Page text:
Study in Vulgarity

It is unfortunate that your paper would print such trash as "Science Is Gross," on the KidsPost page, no less [Oct. 23]. I am not a Puritan, but surely anyone with the least amount of class would not reinforce such purposeless vulgarity with children (or anyone). Give yourself a trophy for your contribution to the further coarsening and "dumbing down" of America.

-- Wayne Boughman

Suspect Science

It's ironic that Richard Cohen's op-ed article about ballistic fingerprinting appeared on the same day as your editorial "Are Polygraphs Lying?" [Oct. 17].

We were assured for years that science supported the claims of polygraphers, but now we know such "lie detectors" don't work. Cohen (and others) claim that science can provide a means of "fingerprinting" every firearm ever sold, but unfortunately that's not so. Just as a good liar can cheat the polygraph and innocent people have been found "guilty," a person determined not to be caught can thwart ballistic fingerprinting while an innocent person can be arrested because, over time, the grooves of his firearm come to resemble those of the guilty weapon.

Until the science can be proved, ballistic fingerprinting stands in the same league as polygraphs. (And no, I don't belong to the NRA.)

-- Tom Neven

Women of Certain Talent

Having just returned from London and seen Judi Dench and Maggie Smith in "The Breath of Life," I was delighted to see Glenn Frankel's article [Style, Oct. 19] in praise of two consummate actors. Over the years these women have given theater and film audiences an astonishing array of complicated, funny, dark, sexy, irritating and regal characters. Thanks to them audiences have come away from their performances entertained and enriched.

Why then must we be told, coyly, that these are "women of a certain age," only to be told later in the article that both will turn 68 in December? Do we describe Anthony Hopkins and Michael Gambon as "men of a certain age"? Is Richard Attenborough a "director of a certain age"?

Please, let's allow colossal talent to stand on its own at any age.

-- Helen Carey

Rewarding Musical Experience

Surely I am not the only member of the prehistoric Woodstock Generation who is weary of your music critics pointing out the ages of still-working superstars such as the Rolling Stones (recently referred to as "artful codgers" in your paper), Paul McCartney, James Taylor and the like.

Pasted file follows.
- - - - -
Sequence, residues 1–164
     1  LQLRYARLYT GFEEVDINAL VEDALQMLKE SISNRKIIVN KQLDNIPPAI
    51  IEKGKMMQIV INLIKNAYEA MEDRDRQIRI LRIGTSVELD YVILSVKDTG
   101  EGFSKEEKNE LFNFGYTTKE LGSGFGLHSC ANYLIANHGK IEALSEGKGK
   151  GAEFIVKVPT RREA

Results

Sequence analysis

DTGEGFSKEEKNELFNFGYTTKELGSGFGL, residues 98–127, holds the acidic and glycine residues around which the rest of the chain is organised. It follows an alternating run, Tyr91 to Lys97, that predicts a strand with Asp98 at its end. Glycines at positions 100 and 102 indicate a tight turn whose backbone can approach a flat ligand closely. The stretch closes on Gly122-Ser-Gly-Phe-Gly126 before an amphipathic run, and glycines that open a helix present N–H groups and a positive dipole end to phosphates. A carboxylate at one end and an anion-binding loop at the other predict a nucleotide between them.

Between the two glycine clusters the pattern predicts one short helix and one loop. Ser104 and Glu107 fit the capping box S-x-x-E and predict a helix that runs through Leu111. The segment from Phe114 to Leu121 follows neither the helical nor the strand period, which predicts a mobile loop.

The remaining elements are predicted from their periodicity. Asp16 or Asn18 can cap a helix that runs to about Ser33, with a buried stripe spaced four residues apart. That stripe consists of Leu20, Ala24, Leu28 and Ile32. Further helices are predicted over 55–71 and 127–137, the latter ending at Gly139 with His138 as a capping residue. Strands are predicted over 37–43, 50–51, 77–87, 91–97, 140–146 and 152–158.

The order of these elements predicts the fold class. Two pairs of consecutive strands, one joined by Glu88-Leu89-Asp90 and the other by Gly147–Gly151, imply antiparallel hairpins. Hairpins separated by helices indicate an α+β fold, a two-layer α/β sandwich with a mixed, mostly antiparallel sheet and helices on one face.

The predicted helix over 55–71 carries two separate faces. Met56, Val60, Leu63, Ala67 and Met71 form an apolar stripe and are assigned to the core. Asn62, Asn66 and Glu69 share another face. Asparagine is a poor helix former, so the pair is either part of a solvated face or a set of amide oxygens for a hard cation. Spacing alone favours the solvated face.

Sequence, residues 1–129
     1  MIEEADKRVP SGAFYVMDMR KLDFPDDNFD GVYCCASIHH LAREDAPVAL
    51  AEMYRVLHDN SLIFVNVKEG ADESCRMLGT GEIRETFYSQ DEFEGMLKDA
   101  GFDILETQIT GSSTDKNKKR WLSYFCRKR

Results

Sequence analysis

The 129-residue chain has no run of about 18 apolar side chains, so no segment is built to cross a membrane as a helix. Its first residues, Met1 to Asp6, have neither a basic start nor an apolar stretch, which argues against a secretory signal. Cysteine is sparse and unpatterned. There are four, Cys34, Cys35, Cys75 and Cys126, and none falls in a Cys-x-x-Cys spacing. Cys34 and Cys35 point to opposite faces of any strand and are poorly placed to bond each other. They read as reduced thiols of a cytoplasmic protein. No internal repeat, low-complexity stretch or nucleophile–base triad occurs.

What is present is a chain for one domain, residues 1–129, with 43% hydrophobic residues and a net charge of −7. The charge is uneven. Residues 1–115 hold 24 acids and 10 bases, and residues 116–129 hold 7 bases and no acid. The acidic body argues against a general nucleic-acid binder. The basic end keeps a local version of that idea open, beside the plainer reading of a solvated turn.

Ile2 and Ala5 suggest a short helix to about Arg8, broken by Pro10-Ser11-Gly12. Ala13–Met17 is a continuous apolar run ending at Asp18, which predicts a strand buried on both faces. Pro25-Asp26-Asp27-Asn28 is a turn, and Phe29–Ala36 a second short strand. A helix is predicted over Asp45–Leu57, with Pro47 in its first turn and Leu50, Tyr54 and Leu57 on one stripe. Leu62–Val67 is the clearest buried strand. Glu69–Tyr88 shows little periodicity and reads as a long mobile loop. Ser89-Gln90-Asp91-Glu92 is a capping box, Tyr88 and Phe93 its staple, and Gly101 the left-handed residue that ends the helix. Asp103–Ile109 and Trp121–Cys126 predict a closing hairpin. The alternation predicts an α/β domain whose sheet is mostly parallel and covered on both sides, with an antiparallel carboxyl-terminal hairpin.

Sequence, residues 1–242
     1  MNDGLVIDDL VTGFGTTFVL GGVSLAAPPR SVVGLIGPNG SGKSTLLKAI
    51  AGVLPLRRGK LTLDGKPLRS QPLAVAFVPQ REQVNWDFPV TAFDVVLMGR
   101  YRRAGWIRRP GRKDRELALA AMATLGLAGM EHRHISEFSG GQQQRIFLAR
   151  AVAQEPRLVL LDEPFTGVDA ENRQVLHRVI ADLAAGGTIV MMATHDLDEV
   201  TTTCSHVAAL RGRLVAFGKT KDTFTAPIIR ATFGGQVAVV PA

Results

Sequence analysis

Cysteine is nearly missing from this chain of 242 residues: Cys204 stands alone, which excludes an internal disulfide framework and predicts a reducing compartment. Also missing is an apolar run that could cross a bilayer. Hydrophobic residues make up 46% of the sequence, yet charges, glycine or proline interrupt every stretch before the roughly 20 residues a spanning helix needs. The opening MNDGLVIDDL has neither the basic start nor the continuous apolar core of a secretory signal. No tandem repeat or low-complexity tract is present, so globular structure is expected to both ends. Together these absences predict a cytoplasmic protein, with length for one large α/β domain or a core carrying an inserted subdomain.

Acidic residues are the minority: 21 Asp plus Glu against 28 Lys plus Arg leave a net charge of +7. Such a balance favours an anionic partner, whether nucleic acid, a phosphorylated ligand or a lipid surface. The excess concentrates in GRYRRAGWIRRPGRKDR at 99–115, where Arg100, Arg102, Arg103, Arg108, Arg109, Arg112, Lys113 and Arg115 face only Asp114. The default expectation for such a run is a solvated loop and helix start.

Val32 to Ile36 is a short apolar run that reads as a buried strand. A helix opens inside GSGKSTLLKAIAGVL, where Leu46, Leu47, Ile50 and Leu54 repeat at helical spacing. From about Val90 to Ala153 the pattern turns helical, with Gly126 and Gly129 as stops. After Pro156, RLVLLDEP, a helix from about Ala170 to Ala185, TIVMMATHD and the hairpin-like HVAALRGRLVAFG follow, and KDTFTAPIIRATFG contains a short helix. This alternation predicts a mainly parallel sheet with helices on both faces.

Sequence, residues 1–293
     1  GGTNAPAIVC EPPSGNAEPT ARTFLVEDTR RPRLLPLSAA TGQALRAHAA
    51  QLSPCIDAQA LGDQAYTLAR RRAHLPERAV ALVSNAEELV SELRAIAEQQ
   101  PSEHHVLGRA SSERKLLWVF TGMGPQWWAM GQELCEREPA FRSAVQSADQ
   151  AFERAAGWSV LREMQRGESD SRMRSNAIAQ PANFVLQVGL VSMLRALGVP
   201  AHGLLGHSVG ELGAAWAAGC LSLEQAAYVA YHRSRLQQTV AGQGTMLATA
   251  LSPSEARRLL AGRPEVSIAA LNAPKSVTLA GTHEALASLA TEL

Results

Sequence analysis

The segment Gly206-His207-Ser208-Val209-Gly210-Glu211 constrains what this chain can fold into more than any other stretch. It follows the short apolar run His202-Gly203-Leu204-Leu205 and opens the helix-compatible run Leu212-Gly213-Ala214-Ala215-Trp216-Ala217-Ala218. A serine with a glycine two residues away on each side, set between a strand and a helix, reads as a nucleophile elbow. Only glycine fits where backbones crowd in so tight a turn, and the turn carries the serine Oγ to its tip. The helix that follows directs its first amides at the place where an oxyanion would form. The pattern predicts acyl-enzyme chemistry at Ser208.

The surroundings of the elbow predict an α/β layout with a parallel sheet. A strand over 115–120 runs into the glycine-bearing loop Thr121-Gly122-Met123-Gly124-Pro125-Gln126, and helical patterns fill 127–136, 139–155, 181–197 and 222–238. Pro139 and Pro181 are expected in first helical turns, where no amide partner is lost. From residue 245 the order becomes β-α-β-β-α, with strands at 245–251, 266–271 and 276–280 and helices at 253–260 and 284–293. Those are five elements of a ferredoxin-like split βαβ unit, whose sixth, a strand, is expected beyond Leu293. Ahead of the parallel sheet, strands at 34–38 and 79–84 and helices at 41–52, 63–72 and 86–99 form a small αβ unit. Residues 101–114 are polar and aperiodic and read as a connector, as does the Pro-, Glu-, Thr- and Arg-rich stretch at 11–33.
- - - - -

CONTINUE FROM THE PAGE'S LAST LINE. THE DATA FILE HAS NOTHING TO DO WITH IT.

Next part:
The most recent jab was in the review of the Little Feat concert at Lisner Auditorium ["Celebrating Little Feat's 25 Years of 'Waiting,' " Style, Oct. 16]. Of what value was it for the reader to know that the musicians were "a little thicker around the middle," or that the members of the audience were gray-haired? Those facts neither diminish nor enhance the quality of the music. In fact, little is served but the ever-widening generation gap.

Why are we never told that the audiences (and even some performers) at the concerts of younger performers are skinny, have pimples or wear braces on their teeth? Spare us the sarcasm and pay attention to the musicianship.

-- Andrea Rouda

Censored Strip

There is, as I am sure you know, a difference between exercising editorial judgment and censorship. Refusing to run the "Boondocks" strip on Oct. 13 falls into the latter category ["Pics and Strips," ombudsman, Oct. 20]. And from just what dangerous ideas were you shielding your readership by censoring the strip? From a reminder that George W. Bush wasn't actually elected president? That Hitler was a popular leader? Is your readership so susceptible to terrible ideas that every reference to Hitler in your pages has to be politically correct?

-- Hugh B. Gordon

Linguistic Distinction

Clue R of the Oct. 19 Quote-Acrostic [Style] asks for "Jewish dialect" and expects YIDDISH as the answer. Yiddish is not a dialect but a language. Descended from Middle High German and written with Hebrew characters, it has its own distinctive grammar, syntax and vocabulary, a small but important part of which comes from Hebrew and Slavic.

Sholom Aleichem wrote his Tevye stories, the basis for "Fiddler on the Roof," in Yiddish. Isaac Bashevis Singer, the 1978 Nobel laureate for literature, wrote in Yiddish. If Yiddish were a dialect, it would be one of the very few if not the only one to have produced a significant body of fiction, poetry and other forms of writing.

-- Jerome S. Shipman